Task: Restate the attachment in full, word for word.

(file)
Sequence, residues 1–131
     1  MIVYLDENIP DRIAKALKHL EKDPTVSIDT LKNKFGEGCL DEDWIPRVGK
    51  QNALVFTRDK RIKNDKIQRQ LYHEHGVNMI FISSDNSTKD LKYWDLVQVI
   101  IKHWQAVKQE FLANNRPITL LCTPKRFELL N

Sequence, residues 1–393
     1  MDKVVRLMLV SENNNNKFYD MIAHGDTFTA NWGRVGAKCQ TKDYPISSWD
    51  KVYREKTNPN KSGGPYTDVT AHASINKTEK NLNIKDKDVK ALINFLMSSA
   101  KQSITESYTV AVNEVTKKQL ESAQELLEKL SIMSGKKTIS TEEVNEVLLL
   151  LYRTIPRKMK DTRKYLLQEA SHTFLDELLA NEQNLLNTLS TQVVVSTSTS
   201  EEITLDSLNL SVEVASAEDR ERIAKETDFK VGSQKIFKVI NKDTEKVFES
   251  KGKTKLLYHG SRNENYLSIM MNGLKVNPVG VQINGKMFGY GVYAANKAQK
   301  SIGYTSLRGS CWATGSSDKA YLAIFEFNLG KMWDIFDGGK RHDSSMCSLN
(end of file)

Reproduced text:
Sequence, residues 1–131
     1  MIVYLDENIP DRIAKALKHL EKDPTVSIDT LKNKFGEGCL DEDWIPRVGK
    51  QNALVFTRDK RIKNDKIQRQ LYHEHGVNMI FISSDNSTKD LKYWDLVQVI
   101  IKHWQAVKQE FLANNRPITL LCTPKRFELL N

Sequence, residues 1–393
     1  MDKVVRLMLV SENNNNKFYD MIAHGDTFTA NWGRVGAKCQ TKDYPISSWD
    51  KVYREKTNPN KSGGPYTDVT AHASINKTEK NLNIKDKDVK ALINFLMSSA
   101  KQSITESYTV AVNEVTKKQL ESAQELLEKL SIMSGKKTIS TEEVNEVLLL
   151  LYRTIPRKMK DTRKYLLQEA SHTFLDELLA NEQNLLNTLS TQVVVSTSTS
   201  EEITLDSLNL SVEVASAEDR ERIAKETDFK VGSQKIFKVI NKDTEKVFES
   251  KGKTKLLYHG SRNENYLSIM MNGLKVNPVG VQINGKMFGY GVYAANKAQK
   301  SIGYTSLRGS CWATGSSDKA YLAIFEFNLG KMWDIFDGGK RHDSSMCSLN